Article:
insurgents in central africa allegedly killed nine chinese miners

Insurgents in Central Africa allegedly killed nine Chinese miners

Despite denials from the insurgents, the authorities in the Central African Republic announced on Wednesday that they believe a prominent rebel organization was responsible for the deaths of nine Chinese gold miners one month ago.

The Russian paramilitary force Wagner was contracted to defend numerous lucrative gold and diamond mines operated by Russian corporations in the nation. The rebels blamed Wagner for the attack. A final report from an investigation into the fatalities that occurred on March 19 was cited by the Minister of Justice, Arnaud Djoubaye Abazene, when he stated that the perpetrators were “indisputably elements from the CPC,” which stands for the Coalition of Patriots for Change.

The CPC, which is an alliance of rebel organizations that was created in December 2020 with the goal of removing President Faustin-Archange Touadera from office, has denied any involvement in what it has referred to as “despicable and barbaric” conduct. It has failed to present any proof to support its claim that Wagner mercenaries were engaged in the killings. During the press conference that the minister of justice gave, however, journalists were not permitted to ask questions, and the minister of justice declined to release any details from the report that accused the rebels.

In 2018, hundreds of Wagner paramilitaries were sent to the Central African Republic (CAR), and their numbers were boosted in 2020 in order to defend the nation’s capital from an assault by the CPC. The nine miners had been working for the Chinese company Gold Coast Group at the Chimbolo mine, which is located approximately 25 kilometers (15 miles) from Bambari, the most populous town in the Ouaka prefecture. At the press conference, Abazene said that the president congratulated “our Russian allies who were able to neutralize certain perpetrators, seize evidence, and put the rest of these criminals on the run.”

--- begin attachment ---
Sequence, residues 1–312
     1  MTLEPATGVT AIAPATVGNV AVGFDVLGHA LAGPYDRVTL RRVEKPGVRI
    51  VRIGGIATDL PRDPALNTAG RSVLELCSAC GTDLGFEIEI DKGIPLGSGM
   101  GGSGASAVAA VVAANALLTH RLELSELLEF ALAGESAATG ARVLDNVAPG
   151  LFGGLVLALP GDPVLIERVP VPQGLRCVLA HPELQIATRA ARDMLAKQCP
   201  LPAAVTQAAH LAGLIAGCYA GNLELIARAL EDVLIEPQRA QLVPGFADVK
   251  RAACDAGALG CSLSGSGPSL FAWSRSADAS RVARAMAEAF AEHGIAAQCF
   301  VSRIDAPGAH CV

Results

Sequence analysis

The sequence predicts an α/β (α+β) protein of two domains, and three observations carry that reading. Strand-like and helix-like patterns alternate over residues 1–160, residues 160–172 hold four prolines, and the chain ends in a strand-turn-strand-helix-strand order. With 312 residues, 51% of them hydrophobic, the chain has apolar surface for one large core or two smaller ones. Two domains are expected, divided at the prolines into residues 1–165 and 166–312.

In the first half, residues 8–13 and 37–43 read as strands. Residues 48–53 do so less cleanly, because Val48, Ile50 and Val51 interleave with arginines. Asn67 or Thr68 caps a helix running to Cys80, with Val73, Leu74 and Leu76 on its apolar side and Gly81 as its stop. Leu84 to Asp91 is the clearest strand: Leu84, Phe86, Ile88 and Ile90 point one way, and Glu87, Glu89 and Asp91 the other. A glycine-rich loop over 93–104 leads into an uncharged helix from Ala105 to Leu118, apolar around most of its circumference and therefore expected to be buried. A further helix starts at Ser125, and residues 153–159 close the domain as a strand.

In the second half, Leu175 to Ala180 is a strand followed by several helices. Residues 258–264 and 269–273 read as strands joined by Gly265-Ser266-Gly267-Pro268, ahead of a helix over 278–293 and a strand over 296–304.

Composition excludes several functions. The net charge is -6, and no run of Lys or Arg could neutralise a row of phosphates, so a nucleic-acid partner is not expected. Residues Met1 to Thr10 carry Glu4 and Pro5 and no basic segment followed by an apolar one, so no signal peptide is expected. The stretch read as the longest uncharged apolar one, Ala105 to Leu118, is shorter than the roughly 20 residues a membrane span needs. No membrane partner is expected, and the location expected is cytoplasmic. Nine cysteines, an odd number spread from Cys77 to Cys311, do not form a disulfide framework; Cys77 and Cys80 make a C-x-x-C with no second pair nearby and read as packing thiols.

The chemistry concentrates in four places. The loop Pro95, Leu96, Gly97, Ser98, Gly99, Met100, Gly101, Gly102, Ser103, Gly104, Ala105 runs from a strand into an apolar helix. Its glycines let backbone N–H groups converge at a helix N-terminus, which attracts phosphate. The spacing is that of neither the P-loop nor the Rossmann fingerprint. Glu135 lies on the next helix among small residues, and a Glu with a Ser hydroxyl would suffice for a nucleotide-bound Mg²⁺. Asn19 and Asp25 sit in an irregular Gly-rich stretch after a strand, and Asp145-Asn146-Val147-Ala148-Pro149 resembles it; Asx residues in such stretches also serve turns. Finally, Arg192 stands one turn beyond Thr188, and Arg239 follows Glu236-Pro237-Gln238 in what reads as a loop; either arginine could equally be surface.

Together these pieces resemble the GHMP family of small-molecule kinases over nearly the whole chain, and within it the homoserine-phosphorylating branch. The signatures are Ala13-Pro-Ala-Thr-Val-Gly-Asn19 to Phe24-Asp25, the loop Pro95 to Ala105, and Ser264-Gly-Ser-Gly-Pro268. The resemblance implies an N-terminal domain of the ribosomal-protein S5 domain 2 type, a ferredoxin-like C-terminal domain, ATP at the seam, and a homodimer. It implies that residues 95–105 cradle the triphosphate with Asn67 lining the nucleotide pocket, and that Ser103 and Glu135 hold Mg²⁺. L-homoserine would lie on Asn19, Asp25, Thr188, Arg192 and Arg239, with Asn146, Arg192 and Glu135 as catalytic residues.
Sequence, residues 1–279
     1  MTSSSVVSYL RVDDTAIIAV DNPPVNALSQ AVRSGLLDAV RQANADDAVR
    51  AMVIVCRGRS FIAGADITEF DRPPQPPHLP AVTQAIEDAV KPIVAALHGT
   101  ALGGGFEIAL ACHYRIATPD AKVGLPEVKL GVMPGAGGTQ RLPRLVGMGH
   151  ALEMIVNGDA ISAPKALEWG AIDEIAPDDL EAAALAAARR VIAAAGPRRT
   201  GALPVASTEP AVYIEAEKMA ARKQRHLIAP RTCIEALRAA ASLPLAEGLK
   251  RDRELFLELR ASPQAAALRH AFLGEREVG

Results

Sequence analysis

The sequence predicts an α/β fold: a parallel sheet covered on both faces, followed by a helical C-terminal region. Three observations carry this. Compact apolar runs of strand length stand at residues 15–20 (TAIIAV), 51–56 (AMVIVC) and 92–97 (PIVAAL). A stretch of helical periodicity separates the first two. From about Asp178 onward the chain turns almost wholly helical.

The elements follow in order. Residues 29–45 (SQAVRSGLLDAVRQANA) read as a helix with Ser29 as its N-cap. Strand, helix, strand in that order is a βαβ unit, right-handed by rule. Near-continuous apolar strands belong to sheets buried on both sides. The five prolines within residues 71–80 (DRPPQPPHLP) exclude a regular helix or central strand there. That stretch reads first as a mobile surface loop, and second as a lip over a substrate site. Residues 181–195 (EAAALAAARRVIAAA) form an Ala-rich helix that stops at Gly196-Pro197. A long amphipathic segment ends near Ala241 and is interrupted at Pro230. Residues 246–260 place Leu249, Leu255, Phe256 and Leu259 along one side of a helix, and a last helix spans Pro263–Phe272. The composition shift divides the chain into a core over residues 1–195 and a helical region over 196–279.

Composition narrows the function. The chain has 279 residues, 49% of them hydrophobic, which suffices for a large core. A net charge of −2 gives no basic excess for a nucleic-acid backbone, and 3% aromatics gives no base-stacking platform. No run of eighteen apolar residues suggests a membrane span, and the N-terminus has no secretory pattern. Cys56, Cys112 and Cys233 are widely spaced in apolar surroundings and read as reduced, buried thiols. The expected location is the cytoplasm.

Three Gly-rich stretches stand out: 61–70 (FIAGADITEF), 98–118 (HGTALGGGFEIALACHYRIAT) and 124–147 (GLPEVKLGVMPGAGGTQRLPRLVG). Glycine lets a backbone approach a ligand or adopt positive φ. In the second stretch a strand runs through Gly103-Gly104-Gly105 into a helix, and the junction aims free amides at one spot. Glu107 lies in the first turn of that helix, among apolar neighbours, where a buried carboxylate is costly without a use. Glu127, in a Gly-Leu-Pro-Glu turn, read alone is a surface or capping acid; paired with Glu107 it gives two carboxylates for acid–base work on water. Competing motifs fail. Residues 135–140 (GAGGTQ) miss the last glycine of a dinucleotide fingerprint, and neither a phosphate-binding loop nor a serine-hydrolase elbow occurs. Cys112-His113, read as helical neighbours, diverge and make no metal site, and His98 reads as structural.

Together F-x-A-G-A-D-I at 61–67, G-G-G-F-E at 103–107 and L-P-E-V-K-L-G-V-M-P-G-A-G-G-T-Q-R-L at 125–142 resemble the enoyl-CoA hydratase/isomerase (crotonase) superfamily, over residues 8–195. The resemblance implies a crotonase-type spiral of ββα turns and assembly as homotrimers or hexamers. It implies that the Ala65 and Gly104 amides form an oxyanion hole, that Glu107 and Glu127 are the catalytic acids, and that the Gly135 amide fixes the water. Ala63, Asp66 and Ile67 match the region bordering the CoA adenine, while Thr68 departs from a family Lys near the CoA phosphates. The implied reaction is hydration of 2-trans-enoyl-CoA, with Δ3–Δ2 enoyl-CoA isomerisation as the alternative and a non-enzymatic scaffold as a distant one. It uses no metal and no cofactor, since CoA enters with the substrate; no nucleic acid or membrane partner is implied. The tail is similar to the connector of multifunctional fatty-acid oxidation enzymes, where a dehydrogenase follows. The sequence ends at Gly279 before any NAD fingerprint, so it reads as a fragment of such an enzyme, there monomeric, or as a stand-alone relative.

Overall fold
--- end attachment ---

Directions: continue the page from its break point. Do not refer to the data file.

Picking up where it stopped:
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Although Abazene declined to identify the two Chinese officials who attended the press conference, Abazene did disclose that the officials had not visited the site of the attack, which was located some 250 miles east of Bangui and 400 kilometers to the northeast of the capital city. After the killings, the President of China, Xi Jinping, issued “important instructions, demanding an all-out effort to treat the wounded, handle the aftermath in a timely manner, severely punish perpetrators in accordance with the law, and ensure the safety of Chinese citizens.”

According to China’s official news agency, two people sustained critical injuries. Since 2013, when a Muslim-majority rebel group known as the Seleka overthrew previous President Francois Bozize, the Central African Republic (CAR), which is one of the poorest countries in the world, has been mired in the throes of civil conflict.

Militias have control over wide swaths of land and frequently engage in conflict with one another over access to minerals and other resources. However, Russian and Chinese corporations are the most successful miners in the Bambari region’s gold and diamond mines. The United Nations and other foreign humanitarian organizations have accused both sides of the conflict of committing war crimes and crimes against humanity, despite the fact that civilians are frequently the victims of the battle.

Since their arrival, the Wagner mercenaries have assisted in driving the majority of the rebels back to their native lands. This has enabled the Central African security forces to regain control of a number of cities and mining operations. Additionally, it is believed that the government of Bangui awarded Wagner and allied businesses contracts to operate a number of mines. Since then, rebel groups have turned to guerilla tactics in order to target the Central African Republic military and the Russian partners they have.